The Marble Pier: a timber wonder

The Marble Pier One of the largest timber buildings ever constructed in Denmark shows why it makes sense to use this traditional building material to lower carbon impact and increase livability. Henning Larsen and Ramboll worked closely with client AP Pension on all aspects of this landmark.
Rendering of Marmormolen, the new timber builidng for AP Pension
Timber is one of the oldest building materials, but it has recently come back in style as a sustainable alternative to concrete and steel. In Copenhagen’s Nordhavn neighbourhood, a towering new project perfectly encapsulates why.
With eight storeys, the 36-meter-tall building covers 28,000 square metres. This makes the Marble Pier one of the largest timber buildings ever constructed in Denmark and home to some of the most sustainable offices possible with existing technology
. By using timber, the carbon footprint of the Marble Pier is reduced by approximately 50% compared to a traditional concrete build, resulting in 9,500 tonnes fewer total emissions. Of that, 3,000 tonnes are avoided emissions by using timber instead of concrete, and 6,500 tonnes are sequestered by the timber during the building’s lifetime.
Ramboll and Henning Larsen Architects, alongside the contractor Hoffmann, are the sole project designers for the Marble Pier, responsible for the multidisciplinary project from concept to construction, including a full life cycle assessment on behalf of the client, AP Pension, one of Denmark’s largest pension funds.
“In AP Pension, we are doing everything we can to push the buildings industry in a more sustainable direction. That is why we are primarily using timber for the load-bearing structures at the Marble Pier,” said Peter Olsson, CEO of AP Pension’s real estate subsidiary, AP Ejendomme, to Estate Media in March 2022.
“This is the first time we work with timber in a project of this size, but we want to lead the green transition, and that requires using materials that can reduce the carbon footprint,” he adds.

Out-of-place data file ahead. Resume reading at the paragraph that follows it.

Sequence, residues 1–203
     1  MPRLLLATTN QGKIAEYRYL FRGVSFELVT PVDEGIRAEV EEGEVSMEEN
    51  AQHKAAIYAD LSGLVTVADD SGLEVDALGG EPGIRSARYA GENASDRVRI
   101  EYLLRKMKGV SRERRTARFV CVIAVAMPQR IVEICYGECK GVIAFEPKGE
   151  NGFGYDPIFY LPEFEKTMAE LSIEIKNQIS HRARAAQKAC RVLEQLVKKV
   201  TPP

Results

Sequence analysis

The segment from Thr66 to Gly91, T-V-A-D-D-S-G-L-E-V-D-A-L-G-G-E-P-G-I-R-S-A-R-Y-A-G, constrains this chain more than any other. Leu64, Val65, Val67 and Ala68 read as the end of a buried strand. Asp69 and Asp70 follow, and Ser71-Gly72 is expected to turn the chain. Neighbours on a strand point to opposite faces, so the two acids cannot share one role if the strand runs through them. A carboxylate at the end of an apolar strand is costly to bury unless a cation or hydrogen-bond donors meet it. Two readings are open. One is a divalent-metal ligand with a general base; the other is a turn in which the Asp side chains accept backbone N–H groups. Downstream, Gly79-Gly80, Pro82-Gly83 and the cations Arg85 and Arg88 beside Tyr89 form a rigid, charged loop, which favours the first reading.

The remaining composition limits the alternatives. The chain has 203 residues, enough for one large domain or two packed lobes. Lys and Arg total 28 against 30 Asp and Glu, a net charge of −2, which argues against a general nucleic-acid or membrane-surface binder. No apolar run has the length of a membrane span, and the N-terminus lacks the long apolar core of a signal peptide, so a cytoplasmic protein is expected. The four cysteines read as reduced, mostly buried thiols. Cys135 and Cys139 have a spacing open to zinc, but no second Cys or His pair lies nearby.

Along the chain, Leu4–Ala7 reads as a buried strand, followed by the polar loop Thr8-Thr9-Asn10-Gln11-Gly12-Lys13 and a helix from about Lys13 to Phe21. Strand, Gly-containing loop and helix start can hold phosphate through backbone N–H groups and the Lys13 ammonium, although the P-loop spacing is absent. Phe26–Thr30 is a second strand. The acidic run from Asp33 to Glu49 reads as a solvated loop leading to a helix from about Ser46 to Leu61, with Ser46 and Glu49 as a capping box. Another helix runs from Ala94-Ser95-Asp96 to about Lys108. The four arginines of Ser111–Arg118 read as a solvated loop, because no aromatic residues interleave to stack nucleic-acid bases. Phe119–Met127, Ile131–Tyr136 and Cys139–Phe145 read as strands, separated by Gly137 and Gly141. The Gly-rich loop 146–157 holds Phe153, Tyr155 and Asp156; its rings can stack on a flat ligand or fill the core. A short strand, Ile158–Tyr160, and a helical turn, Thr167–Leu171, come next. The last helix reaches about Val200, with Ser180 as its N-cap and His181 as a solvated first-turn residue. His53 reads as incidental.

Better office, better health
Building in timber also has benefits for wellbeing and health. For one, building inhabitants are exposed to fewer toxins than in a similar build using traditional materials. And timber constructions are better able to regulate moisture levels, resulting in an improved indoor environment.
At the Marble Pier, several rooftop gardens provide guests and residents a chance to enjoy a break in a green, natural environment. The gardens simultaneously double as oases for biodiversity, with beehives and butterfly ‘hotels’ placed alongside the vegetable gardens supplying fresh produce for the building’s restaurant and café.
Integrating nature into building projects not only improves their look and feel but has tangible benefits for the companies residing there.
According to one study from the University of Oregon, 10% of employee absences could be attributed to poorly designed buildings that did not allow workers to connect with nature. Simply having a view of trees reduced sick leave hours from 68 hours per year to 57 hours per year on average, the authors found. As 90% of operating costs in office buildings are staff related, integrating nature directly into office settings can help reduce stress and sick leave with clear benefits for companies’ bottom line.
The Marble Pier is expected to receive the highest possible sustainability accreditations for buildings, namely, DGNB Platinum, as well as the WELL certification.
Located on a pier side development in Copenhagen, Denmark, construction of the Marble Pier began in 2021 and is expected to be completed by 2024.

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